The DICT Development Group

Search for:
Search type:

Database copyright information
Server information

3 definitions found
 for disobliging
From The Collaborative International Dictionary of English v.0.48 :

  Disobliging \Dis`o*bli"ging\, a.
     1. Not obliging; not disposed to do a favor; unaccommodating;
        as, a disobliging person or act.
        [1913 Webster]
     2. Displeasing; offensive. [Obs.] --Cov. of Tongue. --
        Dis`o*bli"ging*ly, adv. -- Dis`o*bli"ging*ness, n.
        [1913 Webster]

From The Collaborative International Dictionary of English v.0.48 :

  Disoblige \Dis`o*blige"\, v. t. [imp. & p. p. Disobliged; p.
     pr. & vb. n. Disobliging.] [Pref. dis- + oblige: cf. F.
     1. To do an act which contravenes the will or desires of; to
        offend by an act of unkindness or incivility; to
        displease; to refrain from obliging; to be unaccommodating
        [1913 Webster]
              Those . . . who slight and disoblige their friends,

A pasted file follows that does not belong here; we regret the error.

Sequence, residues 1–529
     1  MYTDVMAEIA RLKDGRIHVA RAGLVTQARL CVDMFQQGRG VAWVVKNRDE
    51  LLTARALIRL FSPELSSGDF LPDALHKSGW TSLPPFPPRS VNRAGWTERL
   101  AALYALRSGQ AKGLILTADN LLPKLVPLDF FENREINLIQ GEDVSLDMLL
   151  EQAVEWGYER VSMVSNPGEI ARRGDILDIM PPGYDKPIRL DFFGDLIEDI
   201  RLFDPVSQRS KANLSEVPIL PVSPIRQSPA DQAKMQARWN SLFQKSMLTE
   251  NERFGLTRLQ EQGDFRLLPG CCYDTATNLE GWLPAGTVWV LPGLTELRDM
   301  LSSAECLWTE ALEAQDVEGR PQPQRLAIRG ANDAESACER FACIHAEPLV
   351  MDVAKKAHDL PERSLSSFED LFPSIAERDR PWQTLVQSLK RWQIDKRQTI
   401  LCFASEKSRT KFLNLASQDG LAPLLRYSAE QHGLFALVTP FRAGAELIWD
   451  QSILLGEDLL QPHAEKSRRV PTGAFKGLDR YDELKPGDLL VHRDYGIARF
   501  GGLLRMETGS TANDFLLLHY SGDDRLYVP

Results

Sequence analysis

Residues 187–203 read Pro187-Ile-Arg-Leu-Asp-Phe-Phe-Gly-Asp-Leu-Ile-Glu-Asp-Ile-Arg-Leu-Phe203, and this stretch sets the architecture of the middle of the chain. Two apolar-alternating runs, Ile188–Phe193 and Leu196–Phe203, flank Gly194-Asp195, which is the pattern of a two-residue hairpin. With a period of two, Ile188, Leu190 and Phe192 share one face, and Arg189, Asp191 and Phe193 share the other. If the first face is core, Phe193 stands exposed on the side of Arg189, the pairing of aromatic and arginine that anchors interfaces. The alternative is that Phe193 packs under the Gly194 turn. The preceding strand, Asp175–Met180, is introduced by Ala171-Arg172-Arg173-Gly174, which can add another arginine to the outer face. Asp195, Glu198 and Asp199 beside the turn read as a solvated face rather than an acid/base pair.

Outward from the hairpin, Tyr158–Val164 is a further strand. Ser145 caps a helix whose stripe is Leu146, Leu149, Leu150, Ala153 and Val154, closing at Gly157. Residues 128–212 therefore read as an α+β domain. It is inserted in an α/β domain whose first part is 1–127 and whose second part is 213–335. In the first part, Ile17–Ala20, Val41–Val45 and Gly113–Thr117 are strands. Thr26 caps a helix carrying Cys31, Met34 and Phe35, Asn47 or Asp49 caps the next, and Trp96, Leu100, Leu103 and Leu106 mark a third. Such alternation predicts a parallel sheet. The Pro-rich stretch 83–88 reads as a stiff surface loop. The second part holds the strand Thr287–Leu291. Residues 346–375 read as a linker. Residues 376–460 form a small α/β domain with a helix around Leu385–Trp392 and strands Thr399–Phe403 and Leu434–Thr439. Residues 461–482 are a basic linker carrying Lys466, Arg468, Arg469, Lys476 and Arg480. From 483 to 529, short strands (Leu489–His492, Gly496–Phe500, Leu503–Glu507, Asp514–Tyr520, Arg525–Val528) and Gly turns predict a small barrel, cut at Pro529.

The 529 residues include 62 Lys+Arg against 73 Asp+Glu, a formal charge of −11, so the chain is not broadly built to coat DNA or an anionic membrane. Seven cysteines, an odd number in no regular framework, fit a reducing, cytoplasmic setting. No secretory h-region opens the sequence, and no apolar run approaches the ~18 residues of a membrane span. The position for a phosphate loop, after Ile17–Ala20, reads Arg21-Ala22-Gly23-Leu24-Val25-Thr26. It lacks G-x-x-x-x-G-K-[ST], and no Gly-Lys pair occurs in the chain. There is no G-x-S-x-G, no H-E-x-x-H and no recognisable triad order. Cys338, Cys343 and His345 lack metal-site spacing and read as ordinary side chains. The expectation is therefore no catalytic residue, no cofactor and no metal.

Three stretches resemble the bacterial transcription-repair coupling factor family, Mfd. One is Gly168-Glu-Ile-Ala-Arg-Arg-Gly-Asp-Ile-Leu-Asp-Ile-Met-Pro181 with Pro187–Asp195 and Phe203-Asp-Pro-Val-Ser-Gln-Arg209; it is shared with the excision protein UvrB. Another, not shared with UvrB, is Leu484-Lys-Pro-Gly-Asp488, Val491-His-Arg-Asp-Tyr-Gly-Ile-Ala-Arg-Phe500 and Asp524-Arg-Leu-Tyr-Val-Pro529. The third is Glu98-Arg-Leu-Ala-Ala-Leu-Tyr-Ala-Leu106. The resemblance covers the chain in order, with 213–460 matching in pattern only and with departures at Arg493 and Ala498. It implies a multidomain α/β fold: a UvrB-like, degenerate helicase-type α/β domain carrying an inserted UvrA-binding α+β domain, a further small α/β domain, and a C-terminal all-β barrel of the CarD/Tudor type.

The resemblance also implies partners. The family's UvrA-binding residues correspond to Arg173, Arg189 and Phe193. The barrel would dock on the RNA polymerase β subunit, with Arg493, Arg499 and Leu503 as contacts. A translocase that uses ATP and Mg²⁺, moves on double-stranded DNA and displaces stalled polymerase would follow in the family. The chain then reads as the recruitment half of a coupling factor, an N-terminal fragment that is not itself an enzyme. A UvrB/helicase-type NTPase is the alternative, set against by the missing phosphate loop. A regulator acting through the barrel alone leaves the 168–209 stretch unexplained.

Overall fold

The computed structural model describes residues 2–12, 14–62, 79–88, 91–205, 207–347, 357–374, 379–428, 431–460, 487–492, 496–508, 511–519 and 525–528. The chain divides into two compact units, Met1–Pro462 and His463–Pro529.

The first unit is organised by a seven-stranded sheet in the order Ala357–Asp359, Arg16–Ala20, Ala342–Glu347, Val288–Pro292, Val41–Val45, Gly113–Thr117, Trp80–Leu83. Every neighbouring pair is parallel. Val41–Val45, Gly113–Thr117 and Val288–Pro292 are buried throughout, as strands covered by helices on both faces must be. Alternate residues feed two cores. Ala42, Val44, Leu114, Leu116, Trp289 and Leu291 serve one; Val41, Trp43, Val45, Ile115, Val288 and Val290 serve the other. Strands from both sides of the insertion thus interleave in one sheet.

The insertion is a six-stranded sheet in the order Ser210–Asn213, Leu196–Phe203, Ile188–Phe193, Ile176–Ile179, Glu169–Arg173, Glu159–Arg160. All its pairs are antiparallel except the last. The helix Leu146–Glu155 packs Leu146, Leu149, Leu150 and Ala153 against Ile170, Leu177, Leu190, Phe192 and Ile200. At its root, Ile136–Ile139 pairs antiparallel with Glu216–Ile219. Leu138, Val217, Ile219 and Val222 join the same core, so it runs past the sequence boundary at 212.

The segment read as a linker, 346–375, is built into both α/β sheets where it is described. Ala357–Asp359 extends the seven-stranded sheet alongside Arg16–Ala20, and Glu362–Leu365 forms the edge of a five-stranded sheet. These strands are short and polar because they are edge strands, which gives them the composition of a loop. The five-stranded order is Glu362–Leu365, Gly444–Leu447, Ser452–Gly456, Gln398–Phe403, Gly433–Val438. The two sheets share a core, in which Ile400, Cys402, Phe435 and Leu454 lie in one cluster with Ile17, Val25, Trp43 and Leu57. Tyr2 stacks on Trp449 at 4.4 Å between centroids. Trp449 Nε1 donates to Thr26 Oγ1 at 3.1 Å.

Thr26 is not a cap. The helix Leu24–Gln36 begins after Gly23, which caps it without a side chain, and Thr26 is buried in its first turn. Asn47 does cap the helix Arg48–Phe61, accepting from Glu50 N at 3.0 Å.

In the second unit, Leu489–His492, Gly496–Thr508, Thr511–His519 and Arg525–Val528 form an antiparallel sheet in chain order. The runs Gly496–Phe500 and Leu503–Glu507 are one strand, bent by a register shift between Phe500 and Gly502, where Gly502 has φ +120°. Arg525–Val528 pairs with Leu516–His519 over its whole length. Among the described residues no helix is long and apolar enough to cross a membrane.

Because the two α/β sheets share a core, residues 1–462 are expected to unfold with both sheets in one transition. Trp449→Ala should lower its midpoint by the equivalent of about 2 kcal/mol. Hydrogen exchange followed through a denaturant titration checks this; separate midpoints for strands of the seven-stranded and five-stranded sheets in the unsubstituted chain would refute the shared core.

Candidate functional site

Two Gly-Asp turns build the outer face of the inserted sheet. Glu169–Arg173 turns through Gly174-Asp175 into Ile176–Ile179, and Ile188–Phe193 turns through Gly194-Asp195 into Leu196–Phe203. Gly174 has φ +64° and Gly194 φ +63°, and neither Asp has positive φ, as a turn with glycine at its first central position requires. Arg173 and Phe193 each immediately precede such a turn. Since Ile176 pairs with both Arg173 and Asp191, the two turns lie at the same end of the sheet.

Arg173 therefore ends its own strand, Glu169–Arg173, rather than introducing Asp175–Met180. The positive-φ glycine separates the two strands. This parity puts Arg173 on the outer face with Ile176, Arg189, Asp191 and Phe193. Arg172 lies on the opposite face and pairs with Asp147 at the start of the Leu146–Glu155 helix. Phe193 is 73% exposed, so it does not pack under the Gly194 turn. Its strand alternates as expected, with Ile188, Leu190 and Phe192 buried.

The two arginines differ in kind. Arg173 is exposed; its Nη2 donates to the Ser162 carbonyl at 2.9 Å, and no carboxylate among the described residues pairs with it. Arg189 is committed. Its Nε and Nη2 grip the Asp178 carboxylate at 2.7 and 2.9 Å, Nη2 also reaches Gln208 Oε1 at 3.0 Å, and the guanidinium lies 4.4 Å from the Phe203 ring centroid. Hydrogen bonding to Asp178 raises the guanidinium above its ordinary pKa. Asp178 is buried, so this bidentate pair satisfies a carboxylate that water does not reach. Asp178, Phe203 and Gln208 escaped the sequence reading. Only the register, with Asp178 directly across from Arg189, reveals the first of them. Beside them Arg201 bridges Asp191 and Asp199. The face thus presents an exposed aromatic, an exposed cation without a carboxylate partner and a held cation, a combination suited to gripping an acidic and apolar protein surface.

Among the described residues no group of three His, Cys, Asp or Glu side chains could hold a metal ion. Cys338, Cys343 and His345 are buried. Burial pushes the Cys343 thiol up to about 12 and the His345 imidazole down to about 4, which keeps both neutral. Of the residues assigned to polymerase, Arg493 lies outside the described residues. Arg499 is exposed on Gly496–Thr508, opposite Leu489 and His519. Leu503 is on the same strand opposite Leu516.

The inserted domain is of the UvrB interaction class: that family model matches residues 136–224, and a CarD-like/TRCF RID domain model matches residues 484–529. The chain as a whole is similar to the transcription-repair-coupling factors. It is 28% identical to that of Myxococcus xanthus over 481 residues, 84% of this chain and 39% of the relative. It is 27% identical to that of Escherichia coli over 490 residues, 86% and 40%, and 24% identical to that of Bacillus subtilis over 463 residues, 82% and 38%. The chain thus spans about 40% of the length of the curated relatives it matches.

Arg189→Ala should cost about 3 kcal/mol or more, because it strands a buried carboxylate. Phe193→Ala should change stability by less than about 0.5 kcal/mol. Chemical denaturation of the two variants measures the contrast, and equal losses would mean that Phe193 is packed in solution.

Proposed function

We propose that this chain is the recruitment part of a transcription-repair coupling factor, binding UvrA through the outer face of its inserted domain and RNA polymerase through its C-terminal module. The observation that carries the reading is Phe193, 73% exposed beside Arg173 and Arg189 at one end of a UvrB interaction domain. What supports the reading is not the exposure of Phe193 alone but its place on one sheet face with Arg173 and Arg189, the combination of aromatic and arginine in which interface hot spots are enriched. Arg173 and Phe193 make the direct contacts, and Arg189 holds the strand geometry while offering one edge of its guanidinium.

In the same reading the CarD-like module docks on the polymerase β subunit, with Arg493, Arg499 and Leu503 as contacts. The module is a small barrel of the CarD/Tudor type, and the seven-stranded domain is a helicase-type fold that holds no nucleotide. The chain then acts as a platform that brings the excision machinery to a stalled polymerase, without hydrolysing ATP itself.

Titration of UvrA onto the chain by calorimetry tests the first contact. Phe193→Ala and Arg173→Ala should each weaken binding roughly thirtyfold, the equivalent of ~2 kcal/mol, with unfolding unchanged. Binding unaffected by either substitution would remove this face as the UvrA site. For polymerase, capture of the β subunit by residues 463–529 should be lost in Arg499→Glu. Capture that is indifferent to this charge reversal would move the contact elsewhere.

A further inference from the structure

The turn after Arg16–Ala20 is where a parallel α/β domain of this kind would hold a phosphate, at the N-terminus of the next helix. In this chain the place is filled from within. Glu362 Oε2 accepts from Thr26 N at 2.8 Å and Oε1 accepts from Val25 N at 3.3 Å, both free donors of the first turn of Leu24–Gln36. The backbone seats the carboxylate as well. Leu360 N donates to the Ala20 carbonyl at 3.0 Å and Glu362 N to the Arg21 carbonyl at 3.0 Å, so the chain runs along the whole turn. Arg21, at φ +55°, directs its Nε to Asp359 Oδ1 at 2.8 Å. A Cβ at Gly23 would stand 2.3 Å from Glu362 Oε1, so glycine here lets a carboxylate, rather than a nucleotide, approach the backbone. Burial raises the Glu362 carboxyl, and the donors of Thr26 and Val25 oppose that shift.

shall infallibly come to know the value of them by
              having none when they shall most need them. --South.
        [1913 Webster]
              My plan has given offense to some gentlemen, whom it
              would not be very safe to disoblige.  --Addison.
        [1913 Webster]
     2. To release from obligation. [Obs.]
        [1913 Webster]
              Absolving and disobliging from a more general
              command for some just and reasonable cause.
        [1913 Webster]

From WordNet (r) 3.0 (2006) :

      adj 1: intentionally unaccommodating; "the action was not
             offensive to him but proved somewhat disobliging" [syn:
             disobliging, uncooperative]

Contact=webmaster@dict.org Specification=RFC 2229